After four months in Dublin, Zaha found a job as an interpreter, working with Romanians and members of the Roma community in hospitals, courts and Garda stations.
“It was a transformative experience. In Romania I come from quite a privileged class in the sense that my parents were educated and we were always quite comfortable financially. In Romania I was never made to feel inferior. Yet, as a translator, I was made to feel less than anyone else in the room. But gradually it gave me a lot of freedom. I was the fly on the wall, people felt no restrictions in my presence and would speak openly about their suffering and sorrows.”
Zaha also started to recognise the unconscious racism she had learned back home towards Roma people. “I got to know them through my job and befriended them in my private life. I was seeing my own culture differently but also learning about Irish culture; it was fascinating. I felt my job was not only to translate words, I had to learn how to translate cultures.”
I wanted to know more about the culture of food and why people spend so much time and energy on it
While Roma people do face discrimination in Ireland, Zaha believes the racism in Romania is far worse. “Ireland is much better for them. Yes, they face daily racism on the streets but the institutions I dealt with were always very professional. I never felt they were mistreated or discriminated against.”
Zaha’s work forced her to spend many hours commuting around Dublin which she spent reading English-language books to perfect her linguistic skills. Wanting to learn more about the migrant experience in Ireland, she applied to study a degree in anthropology at Maynooth University.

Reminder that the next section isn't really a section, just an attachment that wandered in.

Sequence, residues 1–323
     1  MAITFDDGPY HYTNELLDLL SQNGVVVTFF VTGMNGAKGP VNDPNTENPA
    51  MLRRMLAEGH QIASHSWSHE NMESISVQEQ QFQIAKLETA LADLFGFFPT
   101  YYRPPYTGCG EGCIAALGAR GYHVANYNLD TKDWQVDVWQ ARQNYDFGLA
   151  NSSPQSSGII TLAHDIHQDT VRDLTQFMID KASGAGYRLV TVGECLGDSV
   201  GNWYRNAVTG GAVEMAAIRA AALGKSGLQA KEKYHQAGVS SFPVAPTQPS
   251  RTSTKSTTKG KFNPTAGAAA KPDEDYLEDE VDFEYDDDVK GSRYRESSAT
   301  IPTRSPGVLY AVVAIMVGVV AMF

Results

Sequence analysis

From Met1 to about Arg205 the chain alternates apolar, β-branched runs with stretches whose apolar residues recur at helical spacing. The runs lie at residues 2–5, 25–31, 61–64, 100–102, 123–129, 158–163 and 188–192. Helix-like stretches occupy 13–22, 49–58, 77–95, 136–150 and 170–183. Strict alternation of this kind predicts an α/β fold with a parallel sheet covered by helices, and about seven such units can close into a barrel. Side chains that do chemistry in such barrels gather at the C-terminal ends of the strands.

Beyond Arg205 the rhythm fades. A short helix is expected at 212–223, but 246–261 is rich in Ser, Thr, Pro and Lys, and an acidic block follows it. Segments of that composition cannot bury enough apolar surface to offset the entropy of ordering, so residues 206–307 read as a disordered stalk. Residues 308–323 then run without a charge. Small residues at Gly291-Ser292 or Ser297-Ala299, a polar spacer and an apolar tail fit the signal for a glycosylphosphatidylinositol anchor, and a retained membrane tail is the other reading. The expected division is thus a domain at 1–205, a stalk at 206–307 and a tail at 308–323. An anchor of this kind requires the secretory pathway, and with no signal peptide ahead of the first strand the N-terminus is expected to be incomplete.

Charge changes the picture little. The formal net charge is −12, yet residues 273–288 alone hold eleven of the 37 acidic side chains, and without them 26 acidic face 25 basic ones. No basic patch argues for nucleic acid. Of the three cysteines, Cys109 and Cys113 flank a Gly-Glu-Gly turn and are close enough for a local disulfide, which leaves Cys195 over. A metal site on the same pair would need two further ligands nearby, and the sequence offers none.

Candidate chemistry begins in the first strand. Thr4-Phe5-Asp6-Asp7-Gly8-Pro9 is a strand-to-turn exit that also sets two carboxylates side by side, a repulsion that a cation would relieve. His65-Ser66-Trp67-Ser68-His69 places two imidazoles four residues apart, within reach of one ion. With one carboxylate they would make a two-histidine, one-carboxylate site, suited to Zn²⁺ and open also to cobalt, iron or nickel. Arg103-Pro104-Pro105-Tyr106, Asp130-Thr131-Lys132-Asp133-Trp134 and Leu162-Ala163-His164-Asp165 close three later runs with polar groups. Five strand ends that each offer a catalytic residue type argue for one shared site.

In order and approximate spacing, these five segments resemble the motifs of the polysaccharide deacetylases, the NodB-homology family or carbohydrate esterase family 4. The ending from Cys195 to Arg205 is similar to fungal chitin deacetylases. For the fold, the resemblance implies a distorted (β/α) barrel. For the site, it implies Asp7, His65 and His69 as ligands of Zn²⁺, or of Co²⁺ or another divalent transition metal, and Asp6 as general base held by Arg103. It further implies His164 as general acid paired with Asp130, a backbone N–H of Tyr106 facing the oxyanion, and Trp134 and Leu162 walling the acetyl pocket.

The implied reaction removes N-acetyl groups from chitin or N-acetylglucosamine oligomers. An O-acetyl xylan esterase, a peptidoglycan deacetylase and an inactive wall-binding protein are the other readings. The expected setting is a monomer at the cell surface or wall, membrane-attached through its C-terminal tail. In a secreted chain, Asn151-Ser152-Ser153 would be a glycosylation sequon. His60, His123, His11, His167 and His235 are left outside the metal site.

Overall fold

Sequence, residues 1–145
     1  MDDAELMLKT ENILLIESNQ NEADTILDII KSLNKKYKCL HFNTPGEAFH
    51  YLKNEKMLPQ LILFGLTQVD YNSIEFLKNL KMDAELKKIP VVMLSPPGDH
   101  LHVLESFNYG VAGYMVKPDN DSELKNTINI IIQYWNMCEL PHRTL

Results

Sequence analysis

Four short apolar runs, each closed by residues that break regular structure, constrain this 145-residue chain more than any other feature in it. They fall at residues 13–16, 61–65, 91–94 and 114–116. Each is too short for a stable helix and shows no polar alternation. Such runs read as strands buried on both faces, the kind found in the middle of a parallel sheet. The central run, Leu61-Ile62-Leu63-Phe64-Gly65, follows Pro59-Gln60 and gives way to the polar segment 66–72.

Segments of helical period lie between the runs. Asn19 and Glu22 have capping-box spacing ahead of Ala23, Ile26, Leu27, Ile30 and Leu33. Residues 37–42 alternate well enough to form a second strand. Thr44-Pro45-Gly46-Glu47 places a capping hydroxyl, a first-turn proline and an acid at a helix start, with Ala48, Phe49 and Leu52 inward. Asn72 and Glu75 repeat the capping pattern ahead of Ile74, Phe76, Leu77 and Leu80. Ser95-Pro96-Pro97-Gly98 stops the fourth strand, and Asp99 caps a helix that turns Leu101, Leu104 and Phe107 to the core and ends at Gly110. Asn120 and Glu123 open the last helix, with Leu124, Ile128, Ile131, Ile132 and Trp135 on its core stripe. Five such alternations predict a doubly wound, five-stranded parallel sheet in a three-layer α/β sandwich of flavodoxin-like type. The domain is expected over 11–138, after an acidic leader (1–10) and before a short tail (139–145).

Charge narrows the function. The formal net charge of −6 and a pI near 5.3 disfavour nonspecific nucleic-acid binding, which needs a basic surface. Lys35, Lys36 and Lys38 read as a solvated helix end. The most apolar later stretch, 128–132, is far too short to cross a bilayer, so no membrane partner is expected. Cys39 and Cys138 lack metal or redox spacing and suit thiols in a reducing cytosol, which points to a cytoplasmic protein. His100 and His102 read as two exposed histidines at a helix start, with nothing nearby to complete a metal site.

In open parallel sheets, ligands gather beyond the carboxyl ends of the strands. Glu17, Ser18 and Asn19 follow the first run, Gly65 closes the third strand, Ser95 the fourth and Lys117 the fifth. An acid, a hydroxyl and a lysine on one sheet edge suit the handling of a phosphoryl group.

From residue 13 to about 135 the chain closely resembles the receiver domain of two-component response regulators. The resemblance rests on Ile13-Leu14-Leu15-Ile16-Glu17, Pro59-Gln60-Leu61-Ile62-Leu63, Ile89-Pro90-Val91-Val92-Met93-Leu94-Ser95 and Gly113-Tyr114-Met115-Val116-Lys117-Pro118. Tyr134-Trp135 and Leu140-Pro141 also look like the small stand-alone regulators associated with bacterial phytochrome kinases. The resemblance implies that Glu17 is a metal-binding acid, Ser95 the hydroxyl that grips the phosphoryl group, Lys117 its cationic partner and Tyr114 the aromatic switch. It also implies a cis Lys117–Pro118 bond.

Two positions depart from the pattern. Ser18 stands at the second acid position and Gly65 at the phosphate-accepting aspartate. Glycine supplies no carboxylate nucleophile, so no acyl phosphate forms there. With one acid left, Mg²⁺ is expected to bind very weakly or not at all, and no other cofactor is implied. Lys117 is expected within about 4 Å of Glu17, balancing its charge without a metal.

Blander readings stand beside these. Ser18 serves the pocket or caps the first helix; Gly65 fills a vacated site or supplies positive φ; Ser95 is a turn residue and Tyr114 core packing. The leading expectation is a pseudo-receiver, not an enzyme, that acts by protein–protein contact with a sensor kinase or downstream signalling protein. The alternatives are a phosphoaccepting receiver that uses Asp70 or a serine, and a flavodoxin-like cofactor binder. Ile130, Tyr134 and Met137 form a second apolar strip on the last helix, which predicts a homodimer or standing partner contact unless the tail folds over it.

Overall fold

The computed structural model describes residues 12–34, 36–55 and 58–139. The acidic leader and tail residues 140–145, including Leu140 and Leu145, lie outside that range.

“When you’re an immigrant and then also a woman immigrant your confidence is often low and so I never felt I’d be accepted onto the course. I believed it was for people smarter than me. But I got a place, it was an amazing experience.”
Zaha, who now lives in Maynooth, is in the final year of her degree and is working on a thesis about material and food culture. She spent the past summer doing field work in Romania while staying in the B&B her parents now run.
She and her husband regularly receive food deliveries from home through a dedicated bus service that travels between Romania and Ireland, carrying goods for people who have settled here. Sometimes they collect the jars of pickled vegetables and canned fruits prepared in Zaha’s village from a designated spot on Mountjoy Square and other times they travel to a warehouse in Blanchardstown.
“I wanted to know more about the culture of food and why people spend so much time and energy on it. I want to understand those values. I also think it will help me make sense of my own life and upbringing.”
Once she finishes her studies, Zaha is considering moving to London to study for a master’s. While she initially felt like the move to Ireland “shattered” her sense of identity, Zaha says the time she’s spent in this country has helped her develop a new version of herself.
“I’ve learned to be more positive here. Even my sister and parents tell me I’ve changed, that I seem more light-hearted and I think that’s because of the Irish attitude towards life.”